R Meher, R Rajput, J Passey, R Gupta, S Singh
rhinosporidiosis, rhinosporidium seeberi, urethral polyp
R Meher, R Rajput, J Passey, R Gupta, S Singh. Rhinosporidiosis Presenting As Nasal And Urethral Polyp. The Internet Journal of Tropical Medicine. 2004 Volume 2 Number 1.
Rhinosporidiosis is a chronic granulomatous disease of mucous membranes and is endemic in South India and Sri Lanka. Although it predominantly affects nose and nasopharyngeal mucosa, other sites are also rarely affected. High index of suspicion and characteristic pathological feature are the mainstay of diagnosis for extra nasal infection.
We describe a case of 35 year old north Indian male who presented with urethral polyp. Otorhinolaryngological examination revealed a nasal mass as well. Biopsy from both the urethral and nasal mass showed features of rhinosporidiosis. The aetiopathogenesis, clinical & pathological picture and management of the disease have been discussed.
Rhinosporidium seeberi predominantly affects the mucous membranes of the nose and nasopharynx. The organism thrives in hot, tropical climates, and endemic zones are South India and Sri Lanka.1 It occasionally involves the lips, palate, uvula, conjunctiva, larynx, trachea, penis, vagina and bone.2,3 The diagnosis may be delayed when extranasal sites are involved. Occupational history and histopathology are helpful in arriving at a proper diagnosis.
A 35 yr old male resident of Uttar Pradesh, fisherman by occupation presented with a polypoid lesion at the urethral orifice. There was also a history of progressively increasing nasal obstruction on the left side for the past 1yr and spontaneous nasal bleeding for past 6 months.
Genital examination showed a polypoidal lesion 1.5 x 1.0x 0.5 cm present at the terminal urethra. Otorhinolaryngologic examination revealed a deep red, sessile, papillomatous lesion arising from lateral wall of right nasal cavity (Fig 1). The friable lesion resembled a strawberry, had yellow spots on undersurface, which bled on manipulation. The patient was subjected to contrast enhanced computerized tomography of nose and paranasal sinuses. Subsequently punch biopsy was performed from penile and nasal mass. Histopathologically the lesion contained unique round body structures of Rhinosporidium seeberi embedded in a fibromyxoid stroma. Diffuse infiltration of lymphocytes, monocytes, and plasma cells was seen (Fig 2).
The penile lesion was removed using sharp dissection along with wide excision of the nasal lesion with the help of cutting diathermy, the base of which was cauterized. Post operatively patient was advised to take Dapsone 100mg/day for a period of 3 months. The sites, from which the lesions were removed, healed with no evidence of recurrence up to a 6-month follow up period.
Rhinosporidiosis seeberi infection is endemic in South India and Sri Lanka with sporadic reports from various parts of world including the American Subcontinent.4,5 The disease has been found to be associated with animals like horses, mules, cats, dogs and wild ducks.6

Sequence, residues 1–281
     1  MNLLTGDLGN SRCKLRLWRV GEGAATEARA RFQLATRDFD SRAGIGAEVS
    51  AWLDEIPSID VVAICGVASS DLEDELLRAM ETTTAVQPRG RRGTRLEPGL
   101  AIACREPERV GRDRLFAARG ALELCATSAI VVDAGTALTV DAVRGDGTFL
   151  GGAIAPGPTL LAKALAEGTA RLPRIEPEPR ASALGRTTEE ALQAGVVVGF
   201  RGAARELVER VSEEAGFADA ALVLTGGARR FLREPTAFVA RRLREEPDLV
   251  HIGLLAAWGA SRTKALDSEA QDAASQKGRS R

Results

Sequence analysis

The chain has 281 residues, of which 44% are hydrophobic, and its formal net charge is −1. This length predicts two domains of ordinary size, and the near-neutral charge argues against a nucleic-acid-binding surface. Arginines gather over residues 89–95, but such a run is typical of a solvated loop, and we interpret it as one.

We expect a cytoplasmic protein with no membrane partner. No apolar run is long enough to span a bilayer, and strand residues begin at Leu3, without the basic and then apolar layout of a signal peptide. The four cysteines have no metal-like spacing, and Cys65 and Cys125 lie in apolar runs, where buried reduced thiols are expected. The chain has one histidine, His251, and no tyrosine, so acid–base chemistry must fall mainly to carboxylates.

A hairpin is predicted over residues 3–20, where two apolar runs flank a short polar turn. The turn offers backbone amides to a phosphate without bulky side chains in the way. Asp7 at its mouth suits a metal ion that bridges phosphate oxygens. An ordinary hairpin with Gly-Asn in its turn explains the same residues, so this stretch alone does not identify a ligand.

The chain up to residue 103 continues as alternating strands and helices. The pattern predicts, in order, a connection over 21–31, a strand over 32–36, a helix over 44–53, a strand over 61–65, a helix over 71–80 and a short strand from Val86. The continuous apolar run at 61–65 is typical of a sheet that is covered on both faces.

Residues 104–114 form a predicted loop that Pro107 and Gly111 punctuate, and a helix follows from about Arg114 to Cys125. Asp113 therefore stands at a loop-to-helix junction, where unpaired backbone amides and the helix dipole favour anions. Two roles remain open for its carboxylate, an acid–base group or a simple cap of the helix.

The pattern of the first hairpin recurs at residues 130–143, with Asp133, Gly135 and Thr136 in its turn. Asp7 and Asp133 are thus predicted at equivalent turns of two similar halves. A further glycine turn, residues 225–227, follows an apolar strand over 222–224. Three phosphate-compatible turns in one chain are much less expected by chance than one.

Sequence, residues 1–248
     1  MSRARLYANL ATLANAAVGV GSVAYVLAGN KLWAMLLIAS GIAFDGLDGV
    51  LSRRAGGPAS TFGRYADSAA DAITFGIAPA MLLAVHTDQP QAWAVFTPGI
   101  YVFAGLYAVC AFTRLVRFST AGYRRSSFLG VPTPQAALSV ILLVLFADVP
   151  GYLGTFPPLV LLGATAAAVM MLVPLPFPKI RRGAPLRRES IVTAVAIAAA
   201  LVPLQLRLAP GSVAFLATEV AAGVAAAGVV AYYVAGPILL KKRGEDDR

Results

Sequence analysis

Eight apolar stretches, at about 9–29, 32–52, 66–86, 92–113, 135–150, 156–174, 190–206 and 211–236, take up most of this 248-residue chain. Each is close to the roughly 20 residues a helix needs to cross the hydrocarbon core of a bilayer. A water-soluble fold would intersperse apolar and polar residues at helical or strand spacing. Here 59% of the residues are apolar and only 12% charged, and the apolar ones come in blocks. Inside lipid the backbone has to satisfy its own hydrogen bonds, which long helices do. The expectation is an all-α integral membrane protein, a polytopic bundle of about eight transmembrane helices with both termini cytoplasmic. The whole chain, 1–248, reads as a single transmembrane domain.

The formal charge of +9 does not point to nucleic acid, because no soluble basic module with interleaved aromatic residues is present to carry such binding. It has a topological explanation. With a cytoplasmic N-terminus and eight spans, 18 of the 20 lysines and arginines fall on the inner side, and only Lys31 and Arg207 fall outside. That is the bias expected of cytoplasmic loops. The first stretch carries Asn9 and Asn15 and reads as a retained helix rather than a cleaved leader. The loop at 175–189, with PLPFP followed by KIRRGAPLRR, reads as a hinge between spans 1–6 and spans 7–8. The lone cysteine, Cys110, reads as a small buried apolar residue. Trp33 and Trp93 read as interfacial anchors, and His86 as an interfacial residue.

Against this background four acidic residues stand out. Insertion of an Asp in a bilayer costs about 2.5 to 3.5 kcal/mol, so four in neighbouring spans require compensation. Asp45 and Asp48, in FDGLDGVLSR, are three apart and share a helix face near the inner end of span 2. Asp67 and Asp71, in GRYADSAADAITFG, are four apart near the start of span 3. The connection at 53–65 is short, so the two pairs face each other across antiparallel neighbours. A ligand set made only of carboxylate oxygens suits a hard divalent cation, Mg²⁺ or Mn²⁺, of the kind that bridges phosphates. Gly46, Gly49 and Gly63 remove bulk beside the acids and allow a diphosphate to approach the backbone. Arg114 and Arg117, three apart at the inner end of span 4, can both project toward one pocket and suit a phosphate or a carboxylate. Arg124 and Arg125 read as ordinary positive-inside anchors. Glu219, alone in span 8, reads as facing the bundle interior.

Rhinosporidiosis is a prolonged painless disease with limited morbidity, four times more common in males, targeting individuals between 10-40 years.2 Infection of nose and nasopharynx is observed in 85% of persons with rhinosporidiosis. Other sites involved are eye (9%), penile urethra, and external ear.2 The instances of infection of parotid duct cyst7 and tibia have been reported.3
The typical lesion of Rhinosporidiosis is fleshy, vascular, polypoidal and granulomatous, grayish white dots, present on surface of lesion.5 On histopathology, large round chitinous structure filled with spore like bodies are seen.8 These contain endospores, which are released into the host tissues, each maturing in 10 days into a sporangium through an intermediate trophozoite stage. Epitheliod cell granuloma and giant cell response can be observed in about 47% of cases.3 Transepithelial migration of sporangia, a mechanism of endospore dispersal, can be observed in 76% of cases. The organism can be observed by staining the smears with routine hematoxylin and eosin stain. The wall of young trophic forms are better delineated with the PAS stain and verhoeff van Gieson stain.3
Rhinosporidiosis is caused by Prototistan Mesomycetozoa.9 Recent 18S ribosomal ribonucleic acid (rRNA) gene analysis has placed R. Seeberi in a novel group of aquatic parasites.10 The etiologic agent Rhinosporidiosis seeberi has never been successfully propagated in vitro. Infection usually results from a local traumatic inoculation and is associated with water activities e.g. swimming in stagnant water. Rhinosporidiosis lives in soil and many authors agree that water is a necessary medium of transmission.2 Disease progresses with the local replication of Rhinosporidium seeberi and associated hyperplastic growth of host tissue and a localized immune response. The chronicity, recurrences and systemic dissemination of infection have been related to the variable density and composition of host cell response.11 Patients with rhinosporidiosis possess anti- Rhinosporidiosis seeberi IgG to an inner wall antigen expressed only during the mature sporangial stage. This finding suggests that the mapping of antigenic proteins may lead to important antigens with the potential as vaccine candidates.12
Wide local surgical excision with electrocoagulation of lesion base is the treatment of choice. Systemic Dapsone may be given in addition.13 Complication of the disease includes extremely rare life threatening dissemination, local secondary bacterial infection, and recurrence (10%).2
Dr. Ravi Meher B-2/62, Sector-16 Rohini Delhi-110085 Tel No 011-30912524 E - mail firstname.lastname@example.org